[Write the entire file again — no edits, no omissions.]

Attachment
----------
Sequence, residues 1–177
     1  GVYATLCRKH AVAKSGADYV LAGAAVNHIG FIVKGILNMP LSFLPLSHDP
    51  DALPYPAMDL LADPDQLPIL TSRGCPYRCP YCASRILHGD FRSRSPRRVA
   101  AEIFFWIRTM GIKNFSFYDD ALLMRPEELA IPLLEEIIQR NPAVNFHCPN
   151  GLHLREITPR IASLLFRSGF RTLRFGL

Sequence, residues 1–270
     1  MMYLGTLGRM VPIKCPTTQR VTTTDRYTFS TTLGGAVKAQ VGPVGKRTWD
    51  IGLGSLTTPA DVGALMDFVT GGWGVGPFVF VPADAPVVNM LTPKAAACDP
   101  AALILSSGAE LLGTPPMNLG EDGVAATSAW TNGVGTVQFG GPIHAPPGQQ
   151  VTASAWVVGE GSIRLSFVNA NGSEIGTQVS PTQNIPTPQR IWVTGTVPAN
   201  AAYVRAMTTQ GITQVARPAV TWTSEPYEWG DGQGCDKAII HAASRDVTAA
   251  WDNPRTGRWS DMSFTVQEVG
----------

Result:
Sequence, residues 1–177
     1  GVYATLCRKH AVAKSGADYV LAGAAVNHIG FIVKGILNMP LSFLPLSHDP
    51  DALPYPAMDL LADPDQLPIL TSRGCPYRCP YCASRILHGD FRSRSPRRVA
   101  AEIFFWIRTM GIKNFSFYDD ALLMRPEELA IPLLEEIIQR NPAVNFHCPN
   151  GLHLREITPR IASLLFRSGF RTLRFGL

Sequence, residues 1–270
     1  MMYLGTLGRM VPIKCPTTQR VTTTDRYTFS TTLGGAVKAQ VGPVGKRTWD
    51  IGLGSLTTPA DVGALMDFVT GGWGVGPFVF VPADAPVVNM LTPKAAACDP
   101  AALILSSGAE LLGTPPMNLG EDGVAATSAW TNGVGTVQFG GPIHAPPGQQ
   151  VTASAWVVGE GSIRLSFVNA NGSEIGTQVS PTQNIPTPQR IWVTGTVPAN
   201  AAYVRAMTTQ GITQVARPAV TWTSEPYEWG DGQGCDKAII HAASRDVTAA
   251  WDNPRTGRWS DMSFTVQEVG